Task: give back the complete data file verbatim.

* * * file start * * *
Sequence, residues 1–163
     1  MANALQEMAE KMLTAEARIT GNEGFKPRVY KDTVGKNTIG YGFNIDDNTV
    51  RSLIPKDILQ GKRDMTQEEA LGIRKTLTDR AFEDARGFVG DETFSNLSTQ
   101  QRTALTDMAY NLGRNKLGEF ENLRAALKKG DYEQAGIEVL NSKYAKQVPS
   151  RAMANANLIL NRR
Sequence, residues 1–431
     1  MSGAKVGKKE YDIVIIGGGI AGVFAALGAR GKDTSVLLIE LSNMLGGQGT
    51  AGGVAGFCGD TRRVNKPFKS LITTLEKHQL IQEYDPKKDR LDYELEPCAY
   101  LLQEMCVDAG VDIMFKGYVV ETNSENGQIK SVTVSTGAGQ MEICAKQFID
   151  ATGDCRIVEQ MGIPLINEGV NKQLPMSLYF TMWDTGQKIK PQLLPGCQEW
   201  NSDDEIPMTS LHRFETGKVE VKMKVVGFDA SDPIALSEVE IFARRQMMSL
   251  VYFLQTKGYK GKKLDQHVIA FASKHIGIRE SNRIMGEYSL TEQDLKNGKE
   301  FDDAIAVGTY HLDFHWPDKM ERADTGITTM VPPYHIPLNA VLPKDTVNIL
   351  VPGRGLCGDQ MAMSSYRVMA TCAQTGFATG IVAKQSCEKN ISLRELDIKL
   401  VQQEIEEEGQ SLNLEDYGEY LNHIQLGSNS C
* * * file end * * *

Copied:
Sequence, residues 1–163
     1  MANALQEMAE KMLTAEARIT GNEGFKPRVY KDTVGKNTIG YGFNIDDNTV
    51  RSLIPKDILQ GKRDMTQEEA LGIRKTLTDR AFEDARGFVG DETFSNLSTQ
   101  QRTALTDMAY NLGRNKLGEF ENLRAALKKG DYEQAGIEVL NSKYAKQVPS
   151  RAMANANLIL NRR
Sequence, residues 1–431
     1  MSGAKVGKKE YDIVIIGGGI AGVFAALGAR GKDTSVLLIE LSNMLGGQGT
    51  AGGVAGFCGD TRRVNKPFKS LITTLEKHQL IQEYDPKKDR LDYELEPCAY
   101  LLQEMCVDAG VDIMFKGYVV ETNSENGQIK SVTVSTGAGQ MEICAKQFID
   151  ATGDCRIVEQ MGIPLINEGV NKQLPMSLYF TMWDTGQKIK PQLLPGCQEW
   201  NSDDEIPMTS LHRFETGKVE VKMKVVGFDA SDPIALSEVE IFARRQMMSL
   251  VYFLQTKGYK GKKLDQHVIA FASKHIGIRE SNRIMGEYSL TEQDLKNGKE
   301  FDDAIAVGTY HLDFHWPDKM ERADTGITTM VPPYHIPLNA VLPKDTVNIL
   351  VPGRGLCGDQ MAMSSYRVMA TCAQTGFATG IVAKQSCEKN ISLRELDIKL
   401  VQQEIEEEGQ SLNLEDYGEY LNHIQLGSNS C